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Jeni Curtis
New Zealand

Moka's Utu - Penny Howard
Dr Jeni Curtis teaches English at St Andrew’s College, Christchurch, New Zealand. She has a keen interest in Victorian literature and history. She is President of the Christchurch branch of the Dickens Fellowship, and editor of their magazine, Dickens Down Under. She has published poems in the Christchurch Press and International Literature Quarterly.  She is currently enrolled in the Hagley Community College Writers Course.
Just another one of those days

That old hand is here again
Pushing down
Pushing down

Leaden limbs
Not cold and polished marble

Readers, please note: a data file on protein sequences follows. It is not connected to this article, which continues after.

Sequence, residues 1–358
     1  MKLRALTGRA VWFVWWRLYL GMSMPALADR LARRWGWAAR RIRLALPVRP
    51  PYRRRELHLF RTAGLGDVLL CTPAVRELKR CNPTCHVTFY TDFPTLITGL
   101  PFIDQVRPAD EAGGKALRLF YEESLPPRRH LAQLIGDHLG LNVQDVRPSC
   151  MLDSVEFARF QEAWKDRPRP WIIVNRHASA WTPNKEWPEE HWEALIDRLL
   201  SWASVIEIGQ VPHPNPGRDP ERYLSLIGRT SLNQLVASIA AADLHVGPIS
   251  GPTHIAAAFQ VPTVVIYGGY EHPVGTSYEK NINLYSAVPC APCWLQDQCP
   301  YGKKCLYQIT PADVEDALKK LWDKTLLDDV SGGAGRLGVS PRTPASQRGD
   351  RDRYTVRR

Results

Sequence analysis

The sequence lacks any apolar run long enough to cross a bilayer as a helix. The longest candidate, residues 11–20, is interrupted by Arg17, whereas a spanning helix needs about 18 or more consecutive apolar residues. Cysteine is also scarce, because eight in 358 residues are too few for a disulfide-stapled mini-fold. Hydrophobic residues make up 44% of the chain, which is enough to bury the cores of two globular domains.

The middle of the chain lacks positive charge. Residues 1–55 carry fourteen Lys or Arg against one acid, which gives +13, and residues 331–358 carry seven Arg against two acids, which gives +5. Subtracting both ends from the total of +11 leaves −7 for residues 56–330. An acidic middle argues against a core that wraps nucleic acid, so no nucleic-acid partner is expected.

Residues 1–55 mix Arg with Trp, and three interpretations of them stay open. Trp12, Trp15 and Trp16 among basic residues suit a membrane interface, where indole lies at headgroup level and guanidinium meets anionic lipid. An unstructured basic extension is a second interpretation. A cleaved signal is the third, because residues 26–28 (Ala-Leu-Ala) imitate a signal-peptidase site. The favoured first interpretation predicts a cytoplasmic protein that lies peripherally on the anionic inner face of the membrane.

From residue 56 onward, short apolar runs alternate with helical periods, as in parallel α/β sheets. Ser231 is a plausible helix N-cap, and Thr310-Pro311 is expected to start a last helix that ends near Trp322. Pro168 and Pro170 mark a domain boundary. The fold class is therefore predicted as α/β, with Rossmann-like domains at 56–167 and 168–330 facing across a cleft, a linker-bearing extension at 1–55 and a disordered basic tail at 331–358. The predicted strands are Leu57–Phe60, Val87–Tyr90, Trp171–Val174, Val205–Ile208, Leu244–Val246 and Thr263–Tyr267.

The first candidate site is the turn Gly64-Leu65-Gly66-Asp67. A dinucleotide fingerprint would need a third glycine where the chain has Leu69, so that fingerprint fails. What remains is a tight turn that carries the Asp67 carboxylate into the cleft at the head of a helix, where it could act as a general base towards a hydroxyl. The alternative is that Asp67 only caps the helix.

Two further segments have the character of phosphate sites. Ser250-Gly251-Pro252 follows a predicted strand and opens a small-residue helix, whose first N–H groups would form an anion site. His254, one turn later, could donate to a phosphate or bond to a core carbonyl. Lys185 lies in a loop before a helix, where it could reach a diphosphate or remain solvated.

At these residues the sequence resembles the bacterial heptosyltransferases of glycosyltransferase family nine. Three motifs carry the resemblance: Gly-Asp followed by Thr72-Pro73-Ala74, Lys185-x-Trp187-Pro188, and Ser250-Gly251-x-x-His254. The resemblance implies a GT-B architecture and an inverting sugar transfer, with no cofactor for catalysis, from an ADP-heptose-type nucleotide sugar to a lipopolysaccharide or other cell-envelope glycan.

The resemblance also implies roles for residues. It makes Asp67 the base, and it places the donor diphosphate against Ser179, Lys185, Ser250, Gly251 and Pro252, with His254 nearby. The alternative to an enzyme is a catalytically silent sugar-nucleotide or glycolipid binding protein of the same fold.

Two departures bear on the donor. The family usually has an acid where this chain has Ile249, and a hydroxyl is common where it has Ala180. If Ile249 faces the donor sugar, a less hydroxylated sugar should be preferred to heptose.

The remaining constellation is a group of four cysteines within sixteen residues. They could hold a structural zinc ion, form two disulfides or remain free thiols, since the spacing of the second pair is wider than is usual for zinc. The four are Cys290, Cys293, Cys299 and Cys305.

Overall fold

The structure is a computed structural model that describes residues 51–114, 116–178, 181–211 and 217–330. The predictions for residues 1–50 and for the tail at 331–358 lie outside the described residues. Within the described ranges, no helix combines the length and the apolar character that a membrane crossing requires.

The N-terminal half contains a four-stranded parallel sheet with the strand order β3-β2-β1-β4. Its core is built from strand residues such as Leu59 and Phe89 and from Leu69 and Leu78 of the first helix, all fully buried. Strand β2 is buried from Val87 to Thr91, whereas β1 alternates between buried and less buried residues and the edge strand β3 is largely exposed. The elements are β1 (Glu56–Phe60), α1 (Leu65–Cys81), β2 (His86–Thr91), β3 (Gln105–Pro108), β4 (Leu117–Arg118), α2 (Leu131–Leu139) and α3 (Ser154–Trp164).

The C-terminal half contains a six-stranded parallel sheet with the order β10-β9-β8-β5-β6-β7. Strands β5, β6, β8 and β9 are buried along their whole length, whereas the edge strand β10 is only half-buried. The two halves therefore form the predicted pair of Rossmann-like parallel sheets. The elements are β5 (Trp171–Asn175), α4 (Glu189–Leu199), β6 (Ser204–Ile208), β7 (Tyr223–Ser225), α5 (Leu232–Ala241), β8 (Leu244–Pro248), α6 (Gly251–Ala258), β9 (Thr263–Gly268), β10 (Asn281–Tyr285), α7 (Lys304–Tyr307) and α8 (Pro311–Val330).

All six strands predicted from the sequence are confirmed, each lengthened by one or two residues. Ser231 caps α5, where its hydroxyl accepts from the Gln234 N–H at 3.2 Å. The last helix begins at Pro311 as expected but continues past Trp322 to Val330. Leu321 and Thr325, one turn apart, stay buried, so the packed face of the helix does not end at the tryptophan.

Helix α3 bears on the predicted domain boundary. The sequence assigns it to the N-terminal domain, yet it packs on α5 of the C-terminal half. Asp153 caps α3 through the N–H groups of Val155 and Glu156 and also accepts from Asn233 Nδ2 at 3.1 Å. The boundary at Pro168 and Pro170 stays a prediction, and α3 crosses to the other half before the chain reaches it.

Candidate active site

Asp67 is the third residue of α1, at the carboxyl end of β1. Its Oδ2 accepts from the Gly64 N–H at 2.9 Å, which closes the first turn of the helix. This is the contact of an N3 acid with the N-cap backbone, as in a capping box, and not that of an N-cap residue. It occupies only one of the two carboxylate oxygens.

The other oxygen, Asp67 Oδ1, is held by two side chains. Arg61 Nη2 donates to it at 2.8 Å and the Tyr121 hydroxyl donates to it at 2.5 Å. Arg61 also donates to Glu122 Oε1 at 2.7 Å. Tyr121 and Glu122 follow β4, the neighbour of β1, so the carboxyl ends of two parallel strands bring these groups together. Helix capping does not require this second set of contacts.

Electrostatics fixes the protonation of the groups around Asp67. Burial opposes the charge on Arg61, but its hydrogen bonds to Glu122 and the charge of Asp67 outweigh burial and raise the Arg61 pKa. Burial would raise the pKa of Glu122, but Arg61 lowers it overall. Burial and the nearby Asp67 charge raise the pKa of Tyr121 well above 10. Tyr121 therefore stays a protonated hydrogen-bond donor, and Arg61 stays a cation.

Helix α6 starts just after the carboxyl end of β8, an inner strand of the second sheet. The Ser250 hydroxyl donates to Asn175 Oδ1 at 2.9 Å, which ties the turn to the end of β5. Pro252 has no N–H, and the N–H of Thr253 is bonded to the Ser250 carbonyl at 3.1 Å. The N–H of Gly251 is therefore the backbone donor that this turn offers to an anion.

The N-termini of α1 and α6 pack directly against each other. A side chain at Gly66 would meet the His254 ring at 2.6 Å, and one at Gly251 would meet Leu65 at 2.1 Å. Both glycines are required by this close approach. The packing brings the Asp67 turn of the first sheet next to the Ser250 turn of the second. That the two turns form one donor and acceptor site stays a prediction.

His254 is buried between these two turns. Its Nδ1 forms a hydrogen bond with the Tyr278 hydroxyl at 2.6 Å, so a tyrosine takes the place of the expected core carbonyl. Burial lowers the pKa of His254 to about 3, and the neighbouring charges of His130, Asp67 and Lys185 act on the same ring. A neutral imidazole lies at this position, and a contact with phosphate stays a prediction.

By Bernini
Heavy, grey
Grey and heavy
Like lead
Leaden limbs

The head a hive
Thoughts swarm, buzz, fly
Hover, swarm
Angry bees

Some time about then

That old hand is here again
Pushing down.

Empty Nest

Brass doorhandle, grubby gold
Fingerprints on polished rimu,
Smudges of past hands passing.

The green chair, seats two, now one,
Brocaded cloth the colour of old forests,
Leaves looped and curling.  Time.

Gaudy splash of colour on glass table,
The magazine heralds another step to uncertainty,
Screams war, weapons, world!

Reflected in the mirror, grape-purple glass flask,
Stopper like a rounded jewelled stone,
A present, magical, from children, long ago.

Outside, children play, teasing
Laughter, rattle of skateboards,
The occasional murmur of a passing car.

Photograph in cracked eggshell frame
Grey, white, fragile yet strong like children’s
Laughter on a beach, leaping shining waves.

Through the window, the lawn lies parched,
Seer yellowness of summer,
Dandelions, heads high, defiant.

“The grass needs mowing again,” says Sophie.
Link of past and present, here, now, gone.
“I’ll see to it tomorrow,” I reply.